I went outside and quickly snapped 6 pictures of anything and everything…friends, cars, my apartment house and anything else that struck my fancy. Later that night, I developed the film and, to my amazement, found 6 perfectly exposed 1/4-inch diameter negative images arranged in a circle along the circumference of the film disk.
Over the next few weeks I used the camera occasionally. But soon the the nuisance of cutting, loading and processing took their toll and the camera was shelved.
In 1974, as Customer Relations Manager for Minolta Camera Corp. in Ramsey, NJ, I was directly responsible for starting the Minolta Museum of Photography. As a public relations and advertising promotion, the Company began an in-house camera collection built around a core of Minolta cameras dating back to 1928. Just prior to that time I had started my own camera collection, specializing in pre-1900 wooden plate cameras. However, my Petal was still a very valued part of my home collection. To spread the word about the Minolta collection, newspaper stories often featuring photos of me surrounded by some of the company's camera acquisitions, were released nationally. I was becoming the defacto company expert on old cameras and photo collectibles. So, when the phone rang one day during October 1974, I wasn't too surprised to hear a woman, speaking with a very proper British accent, casually ask me if I knew what the world's smallest camera might be.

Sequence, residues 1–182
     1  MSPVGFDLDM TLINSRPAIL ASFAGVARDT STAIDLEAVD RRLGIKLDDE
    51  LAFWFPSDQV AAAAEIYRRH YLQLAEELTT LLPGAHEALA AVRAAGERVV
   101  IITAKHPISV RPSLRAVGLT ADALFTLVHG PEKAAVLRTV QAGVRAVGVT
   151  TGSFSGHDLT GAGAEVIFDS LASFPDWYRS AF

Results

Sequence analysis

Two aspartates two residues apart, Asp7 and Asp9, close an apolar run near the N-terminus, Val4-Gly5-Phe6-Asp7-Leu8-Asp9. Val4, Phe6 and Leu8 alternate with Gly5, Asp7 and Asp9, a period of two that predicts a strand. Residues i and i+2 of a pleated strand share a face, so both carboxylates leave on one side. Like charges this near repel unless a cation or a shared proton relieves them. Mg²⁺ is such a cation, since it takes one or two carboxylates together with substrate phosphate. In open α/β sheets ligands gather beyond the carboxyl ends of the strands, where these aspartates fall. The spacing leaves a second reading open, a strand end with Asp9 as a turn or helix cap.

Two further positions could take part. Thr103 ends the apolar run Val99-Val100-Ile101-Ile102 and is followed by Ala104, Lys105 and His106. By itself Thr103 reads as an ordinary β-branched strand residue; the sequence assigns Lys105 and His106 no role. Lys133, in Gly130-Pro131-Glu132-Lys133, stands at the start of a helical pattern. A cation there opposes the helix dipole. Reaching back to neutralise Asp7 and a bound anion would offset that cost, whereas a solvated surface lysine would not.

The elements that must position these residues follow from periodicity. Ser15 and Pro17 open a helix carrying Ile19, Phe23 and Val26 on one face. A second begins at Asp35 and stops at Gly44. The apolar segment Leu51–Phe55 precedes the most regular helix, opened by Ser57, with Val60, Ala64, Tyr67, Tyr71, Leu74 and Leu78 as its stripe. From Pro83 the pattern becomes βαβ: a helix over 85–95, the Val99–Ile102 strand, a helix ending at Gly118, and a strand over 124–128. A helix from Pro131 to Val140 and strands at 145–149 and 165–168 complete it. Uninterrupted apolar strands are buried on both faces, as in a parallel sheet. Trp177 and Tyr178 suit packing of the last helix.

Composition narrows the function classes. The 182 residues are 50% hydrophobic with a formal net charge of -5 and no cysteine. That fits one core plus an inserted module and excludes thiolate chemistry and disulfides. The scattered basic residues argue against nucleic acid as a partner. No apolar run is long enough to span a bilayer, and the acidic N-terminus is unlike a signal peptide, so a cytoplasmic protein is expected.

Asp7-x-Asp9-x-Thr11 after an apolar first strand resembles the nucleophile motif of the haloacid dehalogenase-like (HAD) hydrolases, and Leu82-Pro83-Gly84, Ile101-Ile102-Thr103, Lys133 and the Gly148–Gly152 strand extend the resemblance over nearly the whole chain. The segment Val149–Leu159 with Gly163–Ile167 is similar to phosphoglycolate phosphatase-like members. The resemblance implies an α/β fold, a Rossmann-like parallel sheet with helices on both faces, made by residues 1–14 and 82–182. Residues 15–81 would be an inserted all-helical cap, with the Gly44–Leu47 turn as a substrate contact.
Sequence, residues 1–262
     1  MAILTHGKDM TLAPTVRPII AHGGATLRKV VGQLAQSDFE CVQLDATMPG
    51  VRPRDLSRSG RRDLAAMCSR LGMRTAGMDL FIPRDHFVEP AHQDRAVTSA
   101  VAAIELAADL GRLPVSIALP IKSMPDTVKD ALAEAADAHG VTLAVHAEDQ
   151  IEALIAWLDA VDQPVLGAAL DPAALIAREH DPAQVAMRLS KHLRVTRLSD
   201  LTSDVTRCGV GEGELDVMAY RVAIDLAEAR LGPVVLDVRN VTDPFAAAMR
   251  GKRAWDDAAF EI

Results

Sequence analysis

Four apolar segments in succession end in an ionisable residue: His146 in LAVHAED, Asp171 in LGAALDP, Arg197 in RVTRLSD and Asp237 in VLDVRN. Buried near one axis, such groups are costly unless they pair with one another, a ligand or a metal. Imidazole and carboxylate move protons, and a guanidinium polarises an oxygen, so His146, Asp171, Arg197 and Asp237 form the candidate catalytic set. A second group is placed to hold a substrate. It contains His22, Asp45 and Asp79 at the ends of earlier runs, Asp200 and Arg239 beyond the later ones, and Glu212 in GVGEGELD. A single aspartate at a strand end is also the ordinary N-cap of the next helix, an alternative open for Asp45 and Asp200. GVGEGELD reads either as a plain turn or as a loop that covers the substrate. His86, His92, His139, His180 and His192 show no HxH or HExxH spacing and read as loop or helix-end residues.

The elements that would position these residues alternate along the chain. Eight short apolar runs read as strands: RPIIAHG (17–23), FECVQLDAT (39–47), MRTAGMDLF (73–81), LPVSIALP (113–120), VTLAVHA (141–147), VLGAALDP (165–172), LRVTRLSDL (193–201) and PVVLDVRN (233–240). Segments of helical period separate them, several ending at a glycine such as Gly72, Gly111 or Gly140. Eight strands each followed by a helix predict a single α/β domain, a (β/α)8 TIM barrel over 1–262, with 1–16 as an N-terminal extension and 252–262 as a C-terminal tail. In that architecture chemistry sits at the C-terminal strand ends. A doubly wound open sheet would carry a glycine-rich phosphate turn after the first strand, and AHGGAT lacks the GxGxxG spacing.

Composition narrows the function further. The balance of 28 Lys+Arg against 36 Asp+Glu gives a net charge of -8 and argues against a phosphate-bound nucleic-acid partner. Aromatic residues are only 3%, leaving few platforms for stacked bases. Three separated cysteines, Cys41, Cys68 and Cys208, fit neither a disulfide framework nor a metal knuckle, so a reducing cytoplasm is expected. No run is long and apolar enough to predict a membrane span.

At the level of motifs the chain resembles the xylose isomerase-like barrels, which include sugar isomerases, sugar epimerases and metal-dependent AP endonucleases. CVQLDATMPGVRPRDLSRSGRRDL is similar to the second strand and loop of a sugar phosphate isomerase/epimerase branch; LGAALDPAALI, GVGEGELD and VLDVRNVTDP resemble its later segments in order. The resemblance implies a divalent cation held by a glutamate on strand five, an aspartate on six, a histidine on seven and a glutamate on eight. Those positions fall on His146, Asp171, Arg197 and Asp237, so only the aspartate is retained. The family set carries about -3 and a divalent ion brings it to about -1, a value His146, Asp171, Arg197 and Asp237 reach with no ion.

Without much hesitation, I told her that I thought the Petal camera might qualify as the smallest. Mentally I had ruled out the Minox, the Tessina and several other subminiature cameras that were available, even the popular line of Minolta 16 cameras. I even discounted the Sakura, an octagon shaped cousin of the Petal. The shape of the Sakura made it ever so slightly larger than the perfectly round Petal. The Petal was about the same diameter as a 25 cent piece and about 3/4 of an inch thick. This impressed the caller who then identified herself as a representative of the US branch of the Guinness Book of World Records. She was calling from their offices on Fifth Avenue in New York City. She then asked if I could obtain a Petal. I replied that while I personally owned one, the company did not. She replied that the Guinness people would like to borrow mine. I was curious why. She definitely had my attention.